36. Carey MA, Bradbury JA, Seubert JM, Langenbach R, Zeldin DC, Germolec DR. Contrasting Effects of Cyclooxygenase-1 (COX-1) and COX-2 Deficiency on the Host Response to Influenza A Viral Infection. The Journal of Immunology. 2005;175(10):6878-6884. 

37. Kuhl PG, Bolds JM, Loyd JE, Snapper JR, FitzGerald GA. Thromboxane receptor-mediated bronchial and hemodynamic responses in ovine endotoxemia. Am J Physiol. 1988;254(2 Pt 2):R310-319. 

38. Altavilla D, Canale P, Squadrito F, et al. Protective effects of BAY U 3405, a thromboxane A2 receptor antagonist, in endotoxin shock. Pharmacol Res. 1994;30(2):137-151. 

39. Peters AT, Mutharasan RK. Aspirin for Prevention of Cardiovascular Disease. JAMA. 2020;323(7):676. 

40. Chow JH, Khanna AK, Kethireddy S, et al. Aspirin Use Is Associated With Decreased Mechanical Ventilation, Intensive Care Unit Admission, and In-Hospital Mortality in Hospitalized Patients With Coronavirus Disease 2019. Anesthesia & Analgesia. 2021;132(4). 

41. Saleh E, Moody MA, Walter EB. Effect of antipyretic analgesics on immune responses to vaccination. Human Vaccines & Immunotherapeutics. 2016;12(9):2391-2402. 

SOURCE

From: “Gupta, Ajay” <ajayg1@hs.uci.edu>

Date: Wednesday, April 14, 2021 at 10:33 AM

To: “Aviva Lev-Ari, PhD, RN” <AvivaLev-Ari@alum.berkeley.edu>

This EXPERT OPINION is in response to:

From: Aviva Lev-Ari <AvivaLev-Ari@alum.berkeley.edu>
Date: Tuesday, April 13, 2021 at 9:03 AM
To: “Joel Shertok, PhD” <jshertok@yahoo.com>, “Stephen Williams, PhD” <sjwilliamspa@comcast.net>, “Prof. Marcus W Feldman” <mfeldman@stanford.edu>, “Irina Robu, PhD” <irina.stefania@gmail.com>, “Dr. Sudipta Saha” <sudiptasaha1977@gmail.com>, Aviva Lev-Ari <AvivaLev-Ari@alum.berkeley.edu>, “Dr. Larry Bernstein” <larry.bernstein@gmail.com>, “Ofer Markman, PhD” <oferm2020@gmail.com>, “Daniel Menzin (gmail)” <dmenzin@gmail.com>, Pnina Abir-Am <pnina.abiram@gmail.com>, Alan <alanalanf@gmail.com>, Justin MDMEPhD <jdpmdphd@gmail.com>, Inbar Ofer <ofer.i@northeastern.edu>, Aviva Lev-Ari <aviva.lev-ari@comcast.net>, Madison Davis <madisond2302@gmail.com>, Danielle Smolyar <dsmolyar@syr.edu>, “Adina Hazan, PhD” <adinathazan@gmail.com>, Gail Thornton <gailsthornton@yahoo.com>, Amandeep kaur <662amandeep@gmail.com>, Premalata Pati <premalata09@gmail.com>, “Ajay Gupta, MD” <charaklabs@outlook.com>, Saul Yedgar <saulye@ekmd.huji.ac.il>, Yigal Blum <yigalblum@gmail.com>, a el <AElRoeiy@gmail.com>, “Dr. Raphael Nir” <rnir@sbhsciences.com>, “George Tetz, MD, PhD” <gtetz@clstherapeutics.com>, “Dr. Martin R Schiller (CEO, Heligenics)” <heligenics@gmail.com>, “Jea Asio (Heligenics)” <JAsio@Heligenics.com>, Yakov Kogan <ykogan@tgv-biomed.com>, Haim Levkowitz <haim@cs.UML.edu>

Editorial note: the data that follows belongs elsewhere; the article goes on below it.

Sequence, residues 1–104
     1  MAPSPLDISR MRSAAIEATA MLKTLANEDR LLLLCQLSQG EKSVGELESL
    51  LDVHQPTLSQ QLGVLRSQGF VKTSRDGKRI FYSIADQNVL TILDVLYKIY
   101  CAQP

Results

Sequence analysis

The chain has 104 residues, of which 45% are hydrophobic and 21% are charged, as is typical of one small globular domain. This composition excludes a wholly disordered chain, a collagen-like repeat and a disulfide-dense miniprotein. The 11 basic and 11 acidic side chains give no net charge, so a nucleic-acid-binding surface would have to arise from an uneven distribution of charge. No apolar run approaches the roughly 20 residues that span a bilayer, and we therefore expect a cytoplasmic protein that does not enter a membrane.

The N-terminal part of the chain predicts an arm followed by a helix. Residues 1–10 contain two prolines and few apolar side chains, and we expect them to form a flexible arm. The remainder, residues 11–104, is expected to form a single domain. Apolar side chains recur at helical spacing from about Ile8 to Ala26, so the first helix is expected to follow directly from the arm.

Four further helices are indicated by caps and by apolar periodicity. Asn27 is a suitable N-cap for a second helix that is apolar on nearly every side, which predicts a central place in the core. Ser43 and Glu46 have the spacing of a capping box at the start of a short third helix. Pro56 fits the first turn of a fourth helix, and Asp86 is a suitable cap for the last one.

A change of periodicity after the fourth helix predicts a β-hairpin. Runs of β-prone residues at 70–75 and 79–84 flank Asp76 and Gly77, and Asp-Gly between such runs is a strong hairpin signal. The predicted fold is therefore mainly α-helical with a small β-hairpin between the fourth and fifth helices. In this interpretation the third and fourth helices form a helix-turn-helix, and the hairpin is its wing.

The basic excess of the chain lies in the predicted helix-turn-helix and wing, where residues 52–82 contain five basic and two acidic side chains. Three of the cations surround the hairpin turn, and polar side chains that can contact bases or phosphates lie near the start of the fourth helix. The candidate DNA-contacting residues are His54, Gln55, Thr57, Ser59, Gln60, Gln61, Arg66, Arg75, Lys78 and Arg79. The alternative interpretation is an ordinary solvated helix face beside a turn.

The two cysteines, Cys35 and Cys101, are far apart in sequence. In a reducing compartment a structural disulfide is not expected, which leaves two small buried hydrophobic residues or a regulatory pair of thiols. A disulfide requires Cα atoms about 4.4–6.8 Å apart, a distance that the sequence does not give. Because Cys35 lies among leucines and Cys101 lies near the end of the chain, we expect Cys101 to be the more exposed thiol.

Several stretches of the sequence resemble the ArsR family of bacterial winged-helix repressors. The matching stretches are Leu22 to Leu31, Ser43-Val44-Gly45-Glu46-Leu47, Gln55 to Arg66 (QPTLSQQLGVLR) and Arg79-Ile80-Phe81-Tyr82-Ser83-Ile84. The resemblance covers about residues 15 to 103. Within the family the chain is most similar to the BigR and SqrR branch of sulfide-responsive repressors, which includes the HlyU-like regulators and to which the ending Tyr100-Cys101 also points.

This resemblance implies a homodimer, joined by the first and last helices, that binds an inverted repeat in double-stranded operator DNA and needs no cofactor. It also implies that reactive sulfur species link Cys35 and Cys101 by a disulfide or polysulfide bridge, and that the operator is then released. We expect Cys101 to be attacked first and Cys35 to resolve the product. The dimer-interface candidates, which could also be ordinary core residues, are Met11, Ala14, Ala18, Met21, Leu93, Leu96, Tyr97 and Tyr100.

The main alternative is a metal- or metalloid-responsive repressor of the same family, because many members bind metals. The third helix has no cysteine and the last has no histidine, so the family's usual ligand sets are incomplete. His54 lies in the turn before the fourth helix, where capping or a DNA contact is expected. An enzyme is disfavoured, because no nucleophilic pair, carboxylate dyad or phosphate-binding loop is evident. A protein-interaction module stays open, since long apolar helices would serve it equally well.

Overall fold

Subject: APRIL 13. 2021 – J&J Statement – Out of an abundance of caution, the CDC and FDA have recommended a pause in the use of our vaccine. ->> Are there relations between these FINDINGS?

Johnson & Johnson Statement on COVID-19 Vaccine

NEW BRUNSWICK, N.J., April 13, 2021– The safety and well-being of the people who use our products is our number one priority. We are aware of an extremely rare disorder involving people with blood clots in combination with low platelets in a small number of individuals who have received our COVID-19 vaccine. The United States Centers for Disease Control (CDC) and Food and Drug Administration (FDA) are reviewing data involving six reported U.S. cases out of more than 6.8 million doses administered. Out of an abundance of caution, the CDC and FDA have recommended a pause in the use of our vaccine.

In addition, we have been reviewing these cases with European health authorities. We have made the decision to proactively delay the rollout of our vaccine in Europe.

We have been working closely with medical experts and health authorities, and we strongly support the open communication of this information to healthcare professionals and the public.

The CDC and FDA have made information available about proper recognition and management due to the unique treatment required with this type of blood clot. The health authorities advise that people who have received our COVID-19 vaccine and develop severe headache, abdominal pain, leg pain, or shortness of breath within three weeks after vaccination should contact their health care provider.

For more information on the Janssen COVID-19 vaccine, click here.

Please All send me your Expert Opinion on the relations between these FINDINGS?

Linking Thrombotic Thrombocytopenia to ChAdOx1 nCov-19 Vaccination, AstraZeneca | Leaders in Pharmaceutical Business Intelligence (LPBI) Group

Reporter: Aviva Lev-Ari, PhD, RN

https://pharmaceuticalintelligence.com/2021/04/12/linking-thrombotic-thrombocytopenia-to-chadox1-ncov-19-vaccination-astrazeneca/

Is SARS-COV2 Hijacking the Complement and Coagulation Systems?